Off-campus WSU users: To download campus access dissertations, please use the following link to log into our proxy server with your WSU access ID and password, then click the "Off-campus Download" button below.
Non-WSU users: Please talk to your librarian about requesting this dissertation through interlibrary loan.
Date of Award
D. Randall Armant
HBEGF, is present in the uterus at the time of embryo implantation and protects first
trimester TB cells from apoptosis and promotes their invasion. The hypertensive disease, PE, in
which TB invasion of the uterine arteries is reduced and TB apoptosis is elevated, is
characterized by a reduction in HBEGF expression. In this study using a first trimester cell line
and villous explant culture key components involved in HBEGF survival signaling pathway were
identified. Specific MMP inhibitors established the requirement for MMP2 in HBEGF shedding
and upregulation. NGS identified a HIF regulated gene, HSPA6 (HSP70B’) and using specific
inhibitors it was established that HSP70 regulates MMP2 mediated shedding of HBEGF at low
O2 and is functional upstream of MAPKs signaling cascade. To further investigate HBEGF
upregulation at low O2 using NGS and siRNA knockdown of DGCR8 it was demonstrated that
other components of RISC may be involved in regulation of HBEGF mRNA translation. These
findings suggest that trophoblast survival during early pregnancy requires this signaling pathway
and disruption of any component could lead to placental insufficiency. However, a global
platform is needed to study the pathophysiology of trophoblast cells and their role in placental
TRIC is an innovative platform to noninvasively acquire fetal cells. DNA was extracted
from fetal cells isolated from 20 specimens with gestational age as early at 5 weeks to 19 weeks.
This was followed by targeted sequencing using the Forenseq (Illumina) platform to identify
informative SNPs. Using the Forenseq software 89% ± 12% of the 94 SNPs were called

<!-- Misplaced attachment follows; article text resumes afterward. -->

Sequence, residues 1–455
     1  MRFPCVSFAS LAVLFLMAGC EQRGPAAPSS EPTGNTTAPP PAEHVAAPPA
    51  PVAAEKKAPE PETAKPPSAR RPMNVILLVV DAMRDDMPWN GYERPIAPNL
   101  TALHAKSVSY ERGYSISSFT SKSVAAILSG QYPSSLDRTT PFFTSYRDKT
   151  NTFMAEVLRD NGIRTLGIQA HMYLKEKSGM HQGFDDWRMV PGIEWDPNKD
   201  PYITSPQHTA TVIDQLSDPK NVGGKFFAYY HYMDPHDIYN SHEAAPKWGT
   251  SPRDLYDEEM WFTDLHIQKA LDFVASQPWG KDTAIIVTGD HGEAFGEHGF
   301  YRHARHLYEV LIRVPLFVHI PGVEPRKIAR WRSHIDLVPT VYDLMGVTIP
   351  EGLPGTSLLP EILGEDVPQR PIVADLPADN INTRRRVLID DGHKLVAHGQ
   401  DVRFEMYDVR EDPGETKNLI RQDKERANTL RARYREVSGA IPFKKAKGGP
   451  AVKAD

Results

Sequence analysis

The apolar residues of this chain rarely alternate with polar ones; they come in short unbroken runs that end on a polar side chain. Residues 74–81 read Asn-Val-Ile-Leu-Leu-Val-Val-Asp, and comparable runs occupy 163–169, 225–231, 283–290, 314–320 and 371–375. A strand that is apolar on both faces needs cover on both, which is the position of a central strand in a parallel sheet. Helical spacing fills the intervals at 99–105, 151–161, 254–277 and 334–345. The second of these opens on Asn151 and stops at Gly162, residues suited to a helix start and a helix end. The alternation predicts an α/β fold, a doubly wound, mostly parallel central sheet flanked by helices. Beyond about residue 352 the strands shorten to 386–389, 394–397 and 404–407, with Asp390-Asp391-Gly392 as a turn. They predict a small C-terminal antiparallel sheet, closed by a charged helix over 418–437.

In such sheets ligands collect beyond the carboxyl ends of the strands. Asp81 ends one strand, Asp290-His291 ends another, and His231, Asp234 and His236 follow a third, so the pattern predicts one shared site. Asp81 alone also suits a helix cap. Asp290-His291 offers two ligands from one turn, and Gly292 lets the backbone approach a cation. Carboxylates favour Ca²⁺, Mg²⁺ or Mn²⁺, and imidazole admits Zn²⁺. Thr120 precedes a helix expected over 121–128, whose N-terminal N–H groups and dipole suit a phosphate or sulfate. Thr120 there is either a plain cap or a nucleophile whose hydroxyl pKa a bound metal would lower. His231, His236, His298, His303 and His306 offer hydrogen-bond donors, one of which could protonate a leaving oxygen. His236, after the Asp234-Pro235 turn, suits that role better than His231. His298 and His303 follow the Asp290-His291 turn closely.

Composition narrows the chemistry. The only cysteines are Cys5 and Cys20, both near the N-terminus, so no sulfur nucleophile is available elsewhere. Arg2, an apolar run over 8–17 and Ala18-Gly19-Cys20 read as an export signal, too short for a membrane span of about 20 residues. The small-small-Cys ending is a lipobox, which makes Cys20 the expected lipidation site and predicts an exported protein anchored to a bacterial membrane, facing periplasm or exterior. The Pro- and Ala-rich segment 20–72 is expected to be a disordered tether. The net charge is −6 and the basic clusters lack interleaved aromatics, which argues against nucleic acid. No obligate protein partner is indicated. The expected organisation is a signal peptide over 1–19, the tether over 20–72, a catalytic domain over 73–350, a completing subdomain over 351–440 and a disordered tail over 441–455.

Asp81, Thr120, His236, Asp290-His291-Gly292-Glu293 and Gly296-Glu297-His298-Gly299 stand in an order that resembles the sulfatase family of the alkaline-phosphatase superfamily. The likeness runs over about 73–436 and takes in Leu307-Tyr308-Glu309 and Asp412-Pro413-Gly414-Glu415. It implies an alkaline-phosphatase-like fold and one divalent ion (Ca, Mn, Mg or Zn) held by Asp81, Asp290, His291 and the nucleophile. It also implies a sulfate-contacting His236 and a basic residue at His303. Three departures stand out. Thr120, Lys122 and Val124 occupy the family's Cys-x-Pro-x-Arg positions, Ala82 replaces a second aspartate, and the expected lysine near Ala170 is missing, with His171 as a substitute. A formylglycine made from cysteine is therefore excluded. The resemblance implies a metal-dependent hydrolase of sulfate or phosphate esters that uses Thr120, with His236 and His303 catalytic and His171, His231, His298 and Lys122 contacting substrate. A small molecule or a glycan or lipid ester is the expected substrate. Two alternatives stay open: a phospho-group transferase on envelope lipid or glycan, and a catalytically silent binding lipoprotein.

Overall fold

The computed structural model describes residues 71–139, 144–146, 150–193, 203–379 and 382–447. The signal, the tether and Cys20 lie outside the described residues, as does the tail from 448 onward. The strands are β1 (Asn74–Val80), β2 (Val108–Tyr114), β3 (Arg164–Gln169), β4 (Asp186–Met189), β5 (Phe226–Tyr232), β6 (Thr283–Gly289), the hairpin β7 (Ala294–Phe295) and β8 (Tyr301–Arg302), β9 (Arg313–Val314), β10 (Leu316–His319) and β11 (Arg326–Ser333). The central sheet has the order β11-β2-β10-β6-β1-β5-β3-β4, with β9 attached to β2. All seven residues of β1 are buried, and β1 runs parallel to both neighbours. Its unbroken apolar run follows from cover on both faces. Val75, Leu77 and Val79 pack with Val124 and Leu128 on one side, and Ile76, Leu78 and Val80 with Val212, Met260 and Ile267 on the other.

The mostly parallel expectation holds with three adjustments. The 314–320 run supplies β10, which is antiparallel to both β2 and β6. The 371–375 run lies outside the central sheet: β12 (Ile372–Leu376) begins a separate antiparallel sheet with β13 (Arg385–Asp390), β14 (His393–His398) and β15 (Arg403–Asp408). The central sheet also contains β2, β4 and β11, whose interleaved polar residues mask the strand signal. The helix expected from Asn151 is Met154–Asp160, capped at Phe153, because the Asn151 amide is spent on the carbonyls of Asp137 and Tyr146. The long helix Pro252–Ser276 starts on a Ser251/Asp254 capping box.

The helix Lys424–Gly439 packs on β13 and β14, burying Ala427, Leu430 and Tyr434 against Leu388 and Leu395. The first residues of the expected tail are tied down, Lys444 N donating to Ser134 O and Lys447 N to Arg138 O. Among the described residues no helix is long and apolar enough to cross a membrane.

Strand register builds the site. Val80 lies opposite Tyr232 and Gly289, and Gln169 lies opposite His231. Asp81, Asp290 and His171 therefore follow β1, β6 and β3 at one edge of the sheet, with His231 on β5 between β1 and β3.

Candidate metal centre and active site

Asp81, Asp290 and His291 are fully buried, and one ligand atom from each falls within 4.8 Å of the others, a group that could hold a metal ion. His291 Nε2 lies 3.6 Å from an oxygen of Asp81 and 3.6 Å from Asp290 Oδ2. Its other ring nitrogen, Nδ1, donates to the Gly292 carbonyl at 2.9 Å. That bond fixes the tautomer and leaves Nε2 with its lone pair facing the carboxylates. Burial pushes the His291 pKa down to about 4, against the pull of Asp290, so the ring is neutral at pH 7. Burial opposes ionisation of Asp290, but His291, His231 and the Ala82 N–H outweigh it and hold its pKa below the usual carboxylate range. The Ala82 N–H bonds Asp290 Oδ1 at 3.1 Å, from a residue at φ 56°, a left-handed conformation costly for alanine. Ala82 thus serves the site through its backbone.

correctly in the fetal samples. Using the STR analysis out of the 20 fetal samples, 9 males were
confirmed. Therefore, TRIC not only provides fetal cells but also opens new venues of perinatal
TRIC provides ample RNA from isolated fetal cells for extensive transcriptomic analysis.
Using qPCR it was demonstrated that the fetal cells have higher expression for EVT specific
markers such as HLA-G and KRT7 and markers for invasion/migration such as CDH5 and
MMP9, whereas the maternal cells have a higher expression for epithelial markers such as CDH1
and ITGA6. This suggests that not only are the fetal cells EVT like but may also undergo an
epithelial mesenchymal transition. Comparison of fetal and maternal cells from normal group
using NGS identified 409 genes, of which top 5 upregulated and downregulated genes were
validated by qPCR. Pathway analysis of the differentially regulated identified pathways related
to invasion/migration, proliferation and differentiation, further suggesting the EVT like
expression of the fetal cells. NGS revealed 348 differential expressed genes on comparison of
the EVT like fetal cells from the EPL group to those from the normal group that were further
validated by qPCR. Bioinformatic analysis identified pathways related to apoptosis,
inflammation and placental disease.
The exact origin and biology of cervical EVT cells, and their relationship to the human
placenta and pregnancy outcomes, are widely unknown. Based on our study so far it can be
hypothesized that as the placenta grows, EVT cells are naturally shed into the cervical canal, and
their overall phenotype is comparable to the EVT cells residing in the placenta. These studies
will provide a clearer view of the utility of EVT cells obtained by TRIC from ongoing
pregnancies for investigating early placentation and mechanisms of pathology, and their potential
as a platform for prenatal tests to predict maternal risk of placenta-based disease.
Jain, Chandni V., "Molecular Regulation Of Trophoblast Survival During Placentation And Pathologies Of Placental Insufficiency" (2016). Wayne State University Dissertations. 1642.